What use can you be, all flaws and elbows in the face of such ancient danger? You can run. And more than that, you can shout as loudly as possible so as many people know that there’s a problem.  You might alert someone who knows what to do, or at least you’ll hopefully give everyone who doesn’t a chance to run.

Now you might be thinking “Why shouldn’t I fight? Or at least help people, especially those in the dragons cave?”, and you’d have to think about how much help you could actually be, not just with the fighting, but what makes you think you could help someone who had decided to make their home in the lair of a dragon?

Think for a moment, what would make someone want to live so close to danger? It could be that they have an inability to live in the more structured parts of the world. You could argue that the benefits of the treasure is more so than the dangers of the dragon. And there are those few who know just how dangerous such a place is, and in fact go in as far as they can, in the hopes of being one with the monster itself.

You might have realized that you’re family home is inside a dragons lair, and naturally you’re terrified. So the first thing is you tell your family to get out! But they give you a sideways glance, and continue looking in the dark for coins. So then what do you do? You might do everything you can to get them to leave practically dragging them by their arms. And instead of them thanking you, they fight you.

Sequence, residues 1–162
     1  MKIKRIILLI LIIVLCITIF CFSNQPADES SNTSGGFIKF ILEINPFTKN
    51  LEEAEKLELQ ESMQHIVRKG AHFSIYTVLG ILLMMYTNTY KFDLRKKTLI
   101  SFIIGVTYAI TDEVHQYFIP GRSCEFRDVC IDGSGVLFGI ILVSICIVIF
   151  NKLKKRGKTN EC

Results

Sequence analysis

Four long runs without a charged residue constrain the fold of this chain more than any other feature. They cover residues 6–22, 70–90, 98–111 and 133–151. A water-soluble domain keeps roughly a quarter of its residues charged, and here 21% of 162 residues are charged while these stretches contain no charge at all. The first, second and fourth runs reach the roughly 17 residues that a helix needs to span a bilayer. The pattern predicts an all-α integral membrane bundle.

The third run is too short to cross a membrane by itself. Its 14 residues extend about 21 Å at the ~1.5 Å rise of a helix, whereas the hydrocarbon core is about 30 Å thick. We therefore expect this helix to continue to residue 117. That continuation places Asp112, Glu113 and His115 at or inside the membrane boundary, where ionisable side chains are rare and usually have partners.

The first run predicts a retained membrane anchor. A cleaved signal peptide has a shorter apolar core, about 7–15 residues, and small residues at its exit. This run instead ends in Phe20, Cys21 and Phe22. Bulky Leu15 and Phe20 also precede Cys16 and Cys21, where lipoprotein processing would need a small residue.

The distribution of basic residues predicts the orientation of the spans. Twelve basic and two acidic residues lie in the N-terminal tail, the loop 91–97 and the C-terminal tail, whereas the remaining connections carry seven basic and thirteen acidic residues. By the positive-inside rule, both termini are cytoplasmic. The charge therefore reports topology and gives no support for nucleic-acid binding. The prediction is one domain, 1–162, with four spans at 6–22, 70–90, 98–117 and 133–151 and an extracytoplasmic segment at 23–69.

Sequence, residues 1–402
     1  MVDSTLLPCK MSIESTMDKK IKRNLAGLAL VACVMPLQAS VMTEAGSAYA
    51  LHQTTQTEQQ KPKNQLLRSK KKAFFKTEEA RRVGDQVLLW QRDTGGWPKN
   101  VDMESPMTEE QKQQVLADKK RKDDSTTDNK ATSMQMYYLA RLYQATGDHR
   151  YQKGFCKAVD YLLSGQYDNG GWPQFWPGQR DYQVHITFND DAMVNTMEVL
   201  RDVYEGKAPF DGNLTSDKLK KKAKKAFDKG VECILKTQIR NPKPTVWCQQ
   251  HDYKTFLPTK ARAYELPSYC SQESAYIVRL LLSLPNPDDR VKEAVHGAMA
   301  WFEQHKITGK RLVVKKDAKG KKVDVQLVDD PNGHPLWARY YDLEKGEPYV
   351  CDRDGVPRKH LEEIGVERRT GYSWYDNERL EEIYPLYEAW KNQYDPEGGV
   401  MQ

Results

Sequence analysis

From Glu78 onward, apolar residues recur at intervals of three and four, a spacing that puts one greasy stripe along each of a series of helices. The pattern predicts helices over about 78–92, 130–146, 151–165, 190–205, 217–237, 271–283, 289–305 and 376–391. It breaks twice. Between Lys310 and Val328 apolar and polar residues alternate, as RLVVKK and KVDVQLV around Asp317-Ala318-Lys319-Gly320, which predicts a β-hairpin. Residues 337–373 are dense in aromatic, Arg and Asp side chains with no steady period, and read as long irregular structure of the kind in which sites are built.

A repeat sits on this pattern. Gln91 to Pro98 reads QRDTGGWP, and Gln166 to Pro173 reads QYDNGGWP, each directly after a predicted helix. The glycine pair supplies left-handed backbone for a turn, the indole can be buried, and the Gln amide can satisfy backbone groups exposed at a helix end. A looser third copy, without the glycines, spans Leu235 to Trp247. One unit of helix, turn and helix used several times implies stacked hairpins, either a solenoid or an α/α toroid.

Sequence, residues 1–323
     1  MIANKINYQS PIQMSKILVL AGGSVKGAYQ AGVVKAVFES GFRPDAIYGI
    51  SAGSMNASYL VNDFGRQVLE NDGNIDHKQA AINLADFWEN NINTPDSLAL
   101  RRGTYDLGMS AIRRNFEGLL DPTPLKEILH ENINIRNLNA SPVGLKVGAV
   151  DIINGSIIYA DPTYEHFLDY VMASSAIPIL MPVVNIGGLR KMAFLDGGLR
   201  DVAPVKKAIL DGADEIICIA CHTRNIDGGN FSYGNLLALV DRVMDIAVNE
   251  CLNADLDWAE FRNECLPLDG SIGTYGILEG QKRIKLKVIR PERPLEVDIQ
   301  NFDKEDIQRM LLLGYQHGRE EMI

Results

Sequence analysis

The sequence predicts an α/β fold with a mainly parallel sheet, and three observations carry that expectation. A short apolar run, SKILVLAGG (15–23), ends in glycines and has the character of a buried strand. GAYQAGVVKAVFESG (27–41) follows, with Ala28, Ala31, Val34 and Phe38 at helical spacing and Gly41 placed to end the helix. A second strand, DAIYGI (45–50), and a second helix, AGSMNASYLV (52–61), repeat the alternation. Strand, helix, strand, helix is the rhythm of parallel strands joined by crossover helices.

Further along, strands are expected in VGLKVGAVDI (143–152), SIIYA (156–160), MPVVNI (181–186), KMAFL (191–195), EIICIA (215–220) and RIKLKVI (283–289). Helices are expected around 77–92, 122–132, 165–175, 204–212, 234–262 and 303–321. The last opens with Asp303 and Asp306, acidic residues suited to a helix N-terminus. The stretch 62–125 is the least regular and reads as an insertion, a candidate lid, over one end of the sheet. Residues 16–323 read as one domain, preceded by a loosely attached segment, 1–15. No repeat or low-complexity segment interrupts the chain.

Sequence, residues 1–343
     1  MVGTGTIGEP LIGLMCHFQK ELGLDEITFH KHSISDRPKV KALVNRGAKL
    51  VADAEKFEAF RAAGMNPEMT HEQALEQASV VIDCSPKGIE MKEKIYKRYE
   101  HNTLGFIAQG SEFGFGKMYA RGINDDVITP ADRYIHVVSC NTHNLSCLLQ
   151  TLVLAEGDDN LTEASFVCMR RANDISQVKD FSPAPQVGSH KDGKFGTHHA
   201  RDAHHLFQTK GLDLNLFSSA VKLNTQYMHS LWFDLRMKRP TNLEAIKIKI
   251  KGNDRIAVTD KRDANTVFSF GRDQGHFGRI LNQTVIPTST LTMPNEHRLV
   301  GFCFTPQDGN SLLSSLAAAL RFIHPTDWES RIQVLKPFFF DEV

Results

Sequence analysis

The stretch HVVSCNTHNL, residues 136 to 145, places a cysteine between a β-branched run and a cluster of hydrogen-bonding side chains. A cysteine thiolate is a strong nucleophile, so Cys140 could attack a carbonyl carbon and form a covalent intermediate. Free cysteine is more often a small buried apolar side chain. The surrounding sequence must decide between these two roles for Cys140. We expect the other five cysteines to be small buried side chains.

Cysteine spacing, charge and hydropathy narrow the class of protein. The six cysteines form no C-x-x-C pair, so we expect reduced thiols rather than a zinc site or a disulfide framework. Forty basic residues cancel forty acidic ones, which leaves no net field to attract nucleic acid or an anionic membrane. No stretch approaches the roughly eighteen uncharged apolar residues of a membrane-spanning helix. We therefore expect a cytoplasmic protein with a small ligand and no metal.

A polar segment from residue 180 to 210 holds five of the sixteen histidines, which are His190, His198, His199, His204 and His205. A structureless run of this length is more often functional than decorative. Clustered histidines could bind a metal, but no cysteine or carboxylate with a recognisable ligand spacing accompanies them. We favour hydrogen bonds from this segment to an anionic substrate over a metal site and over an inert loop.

Suddenly you’re not only frightened of the dragon, but now you have a fight on your hands. Perhaps they know they’re living with a dragon, but it’s a dragon they think they can control. Perhaps they have a vague idea of a dragon, but it’s a toe, a tail, and they have no idea what it’s capable of when it finally wakes up.

So be careful. Don’t be a hero, especially if you have no idea what being a hero mean, or you might end up bringing your whole house down on top of you when you see a dragon.

The gods. The Sights. The Stories

Today I’ve seen some remarkable things. I saw a little girl fight stick to sword to protect her friend from a would-be-tyrant, but thankfully one still in waiting. I learnt the rules of Project Mayhem; the first is “You do not ask about Project Mayhem”. I saw the giants, the Children, and the first men fight at the dawn of time. I also saw the accidentally hilarious antics of Egyptian gods, fighting in all their Transformer glory.

I can’t imagine how lonely it must be living only one life, and thanks to books and the glory (and not so) of Hollywood and all cinematography, I don’t have to.

Stories remind us that we’re not alone. Not in our strife or seriousness. Not even at our silliest. Each time we look we find more of ourselves in the world. The hard part is not giving up when you find something you don’t like.

 

A Word of Advice: Don’t Piss off Mothers

 

 

My dad’s weird. So weird in fact that two options presented themselves before me: start a blog where I get to share my pain with the world, or pay for a therapist; I decided on the fore because it’s cheaper, and more fun.